QE2 & YOUThe Wizards of the Fed Unleash QE2, and What it Means for YOUOnce upon a time, in the merry old land of America, the bankers were wealthy, the people were healthy, and thepoliticians were stealthy. Then there came to the land a Great Financial Crisis in the year two thousand and seven. Thebankers were hated, the people felt cheated, and the politicians stayed crooked.The great wizards of the Federal Reserve decided to convene in their laboratory to see what could be done. Aftermonths of laborious tinkering, they created a magical potion known as "QE" (short for "quantitative easing"). The firstbatch of the magical potion was unleashed on the people in the year 2009. Mortgage rates went from 6.25% to 4.5%and the US economy avoided a Great Depression. Then, toward the end of the year 2010, the great wizards of the Fedunleashed the second batch of the magical potion and called it QE2. Mortgage rates began to tremble, and theAmerican people began to murmur. That is where our story begins...Inflation vs. DeflationThe Federal Reserve is required by law to encourage stable economic growth while preserving "monetary stability".Monetary stability simply means that the Fed should not allow too much inflation or deflation in the economy. Inflation iswhen the dollar loses value because it costs more to buy goods and services today vs. last year. For example, if it cost$10,000 to buy a car last year, and $12,000 to buy the same car this year, that is inflation. The purchasing power ofyour $10,000 lost value. Too much inflation is bad for the economy because it makes it very difficult for people andbusinesses to budget, plan for upcoming expenses, and pay their bills due to the cost of living increasing so quickly.This is what our country experienced in the 1970s.On the flip side, deflation is when the price of goods and services in the economy goes down, and the purchasingpower of the dollar increases in value. For example, deflation is when it only costs you $8,000 to buy the same car thatcost you $10,000 last year. It seems that deflation is good, because prices are coming down, right? Wrong. What if youare the one trying to sell the $10,000 car? Not only do you keep losing money on paper as the price goes down, butbuyers stop buying because they know they can get a better deal if they wait.Deflation is bad for the economy because employers lower their wages, buyers stop buying, and the economy slowsdown considerably. This is what happened to our country in the 1930s. In fact, during the Great Depression, ourcountry experienced deflation of around 30 percent. Question: So, if inflation is bad, and deflation is bad, what is a good? Answer: A little bit of inflation — say, around 2% per year. Lets think this through together. Standardizing the mortgage planning process through participation with the CMPS community of experts.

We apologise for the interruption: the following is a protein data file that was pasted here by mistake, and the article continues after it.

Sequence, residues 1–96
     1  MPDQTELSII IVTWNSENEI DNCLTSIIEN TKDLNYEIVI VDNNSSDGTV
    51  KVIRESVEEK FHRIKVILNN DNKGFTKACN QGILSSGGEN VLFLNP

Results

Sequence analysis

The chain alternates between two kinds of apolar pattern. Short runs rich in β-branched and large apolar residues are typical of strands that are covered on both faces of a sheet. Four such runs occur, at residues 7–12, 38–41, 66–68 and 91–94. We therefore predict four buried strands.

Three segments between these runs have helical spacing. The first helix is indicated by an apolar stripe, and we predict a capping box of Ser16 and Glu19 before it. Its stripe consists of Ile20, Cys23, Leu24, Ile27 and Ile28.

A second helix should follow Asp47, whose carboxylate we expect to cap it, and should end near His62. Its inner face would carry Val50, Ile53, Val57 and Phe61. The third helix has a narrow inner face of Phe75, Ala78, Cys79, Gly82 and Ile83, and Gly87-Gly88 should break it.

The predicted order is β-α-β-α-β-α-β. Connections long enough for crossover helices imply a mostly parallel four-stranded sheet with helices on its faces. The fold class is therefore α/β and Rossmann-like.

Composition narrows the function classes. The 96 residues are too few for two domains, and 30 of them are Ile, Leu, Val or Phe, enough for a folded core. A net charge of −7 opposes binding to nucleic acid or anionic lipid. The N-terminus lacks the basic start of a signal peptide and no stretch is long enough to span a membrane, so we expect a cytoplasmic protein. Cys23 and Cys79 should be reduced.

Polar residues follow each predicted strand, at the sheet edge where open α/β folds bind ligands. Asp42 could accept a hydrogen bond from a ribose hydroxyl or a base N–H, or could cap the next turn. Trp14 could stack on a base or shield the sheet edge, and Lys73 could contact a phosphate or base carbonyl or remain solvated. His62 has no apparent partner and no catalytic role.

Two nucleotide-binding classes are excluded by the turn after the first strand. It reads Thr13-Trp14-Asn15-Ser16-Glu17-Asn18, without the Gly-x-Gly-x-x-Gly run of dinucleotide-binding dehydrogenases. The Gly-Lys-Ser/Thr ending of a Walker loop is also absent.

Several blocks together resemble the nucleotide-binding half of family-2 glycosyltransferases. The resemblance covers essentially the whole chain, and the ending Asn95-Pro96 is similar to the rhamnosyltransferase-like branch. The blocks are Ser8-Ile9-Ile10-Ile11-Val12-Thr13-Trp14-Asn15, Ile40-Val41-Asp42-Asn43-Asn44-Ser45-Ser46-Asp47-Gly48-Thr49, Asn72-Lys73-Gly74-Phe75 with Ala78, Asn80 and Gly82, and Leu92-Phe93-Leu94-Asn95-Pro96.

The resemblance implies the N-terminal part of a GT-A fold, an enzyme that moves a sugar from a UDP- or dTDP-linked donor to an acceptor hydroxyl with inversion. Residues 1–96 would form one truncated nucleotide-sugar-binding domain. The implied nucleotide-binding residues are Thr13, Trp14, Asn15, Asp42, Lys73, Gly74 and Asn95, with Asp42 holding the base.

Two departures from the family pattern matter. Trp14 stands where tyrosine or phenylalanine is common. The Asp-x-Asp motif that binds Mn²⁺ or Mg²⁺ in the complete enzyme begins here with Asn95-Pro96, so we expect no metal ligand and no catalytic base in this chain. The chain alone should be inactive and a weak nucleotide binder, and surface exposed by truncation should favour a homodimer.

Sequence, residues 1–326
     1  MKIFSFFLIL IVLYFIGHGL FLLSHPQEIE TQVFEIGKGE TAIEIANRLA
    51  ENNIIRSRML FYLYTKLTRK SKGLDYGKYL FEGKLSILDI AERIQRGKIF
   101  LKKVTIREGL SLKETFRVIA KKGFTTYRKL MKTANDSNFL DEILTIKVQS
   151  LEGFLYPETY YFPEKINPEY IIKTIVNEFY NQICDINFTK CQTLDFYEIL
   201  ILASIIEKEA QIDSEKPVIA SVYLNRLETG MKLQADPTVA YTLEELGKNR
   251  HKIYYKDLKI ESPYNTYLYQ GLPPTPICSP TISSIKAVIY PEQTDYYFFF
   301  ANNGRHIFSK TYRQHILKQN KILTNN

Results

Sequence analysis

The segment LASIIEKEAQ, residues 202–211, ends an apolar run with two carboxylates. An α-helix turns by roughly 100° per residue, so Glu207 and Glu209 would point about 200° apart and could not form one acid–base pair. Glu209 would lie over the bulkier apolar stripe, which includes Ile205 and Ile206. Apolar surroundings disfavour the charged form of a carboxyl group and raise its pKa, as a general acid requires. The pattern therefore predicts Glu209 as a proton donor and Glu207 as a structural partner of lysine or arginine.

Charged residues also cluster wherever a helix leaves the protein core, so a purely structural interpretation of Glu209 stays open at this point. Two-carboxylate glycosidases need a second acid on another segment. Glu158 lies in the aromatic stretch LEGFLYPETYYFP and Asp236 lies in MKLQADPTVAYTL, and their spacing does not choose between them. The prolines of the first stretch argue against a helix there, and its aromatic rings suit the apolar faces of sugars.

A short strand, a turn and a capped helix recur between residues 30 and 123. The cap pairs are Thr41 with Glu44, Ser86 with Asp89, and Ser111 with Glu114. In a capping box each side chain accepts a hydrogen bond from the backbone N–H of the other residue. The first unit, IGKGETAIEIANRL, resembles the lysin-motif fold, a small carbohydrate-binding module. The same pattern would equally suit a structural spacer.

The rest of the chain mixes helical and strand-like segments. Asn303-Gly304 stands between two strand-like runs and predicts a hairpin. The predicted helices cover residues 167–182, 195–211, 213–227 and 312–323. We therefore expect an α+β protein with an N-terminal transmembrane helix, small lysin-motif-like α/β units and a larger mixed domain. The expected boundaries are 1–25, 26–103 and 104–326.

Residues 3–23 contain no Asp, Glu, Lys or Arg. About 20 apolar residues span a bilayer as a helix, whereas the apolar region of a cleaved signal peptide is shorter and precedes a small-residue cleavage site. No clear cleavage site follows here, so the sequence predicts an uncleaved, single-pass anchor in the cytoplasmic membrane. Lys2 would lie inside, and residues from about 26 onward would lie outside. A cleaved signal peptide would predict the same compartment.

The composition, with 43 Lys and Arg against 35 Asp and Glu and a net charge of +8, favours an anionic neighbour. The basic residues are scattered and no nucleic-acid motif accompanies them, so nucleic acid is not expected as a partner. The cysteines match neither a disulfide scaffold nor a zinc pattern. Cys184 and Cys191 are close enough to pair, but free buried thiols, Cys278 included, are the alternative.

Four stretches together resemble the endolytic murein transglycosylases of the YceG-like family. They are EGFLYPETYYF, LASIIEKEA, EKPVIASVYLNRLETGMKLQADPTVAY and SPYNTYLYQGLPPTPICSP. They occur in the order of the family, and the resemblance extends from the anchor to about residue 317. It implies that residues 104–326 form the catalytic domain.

QE2 & YOUIf prices go down by 2% a year, is that good or bad for the economy? Bad; because we are all getting 2% poorer everyyear. We would hoard our money, and not buy cars or houses or anything else, because everything we buy will losevalue. You see, even small amounts of deflation can be very bad for the economy because it becomes a vicious cycledownward.On the other hand, what if prices go up by 2% a year? Sure it may cost us a little more money to live every year, but thevalues of our houses, our investments, and our incomes are also going up. We are all getting 2% richer every year. Not abad deal.That is what the Fed is trying to accomplish. They want the economy to grow by around 3% every year, and they wantinflation to average around 2% every year. Right now, inflation is averaging around 1%, and in recent months, it actuallyhit 0% on a month-over-month basis. This is dangerously close to widespread deflation in the economy. Remember,deflation is what we experienced during the Great Depression.Quantitative Easing (QE)The Fed is prescribing a medicine called "quantitative easing" (QE), because they dont want deflation in the economy.QE is when the Fed increases the "quantity" of money in the economy by creating more "bank reserves". For example, ifBank A has $1 billion deposited with the Fed, the Fed credits Bank A with having $2 billion in their account by buying anextra $1 billion of Bank As Treasury securities (government bonds). Sometimes the Fed buys the government bonds onthe open market from banks and financial institutions who own them, and sometimes the Fed buys the government bondsdirectly from the government. Remember, the US Treasury has a "bank account" with the Federal Reserve, and the Fedcan loan money to the government by creating more reserves in the US Treasurys bank account.QE Stimulates the Economy from Two Directions Standardizing the mortgage planning process through participation with the CMPS community of experts.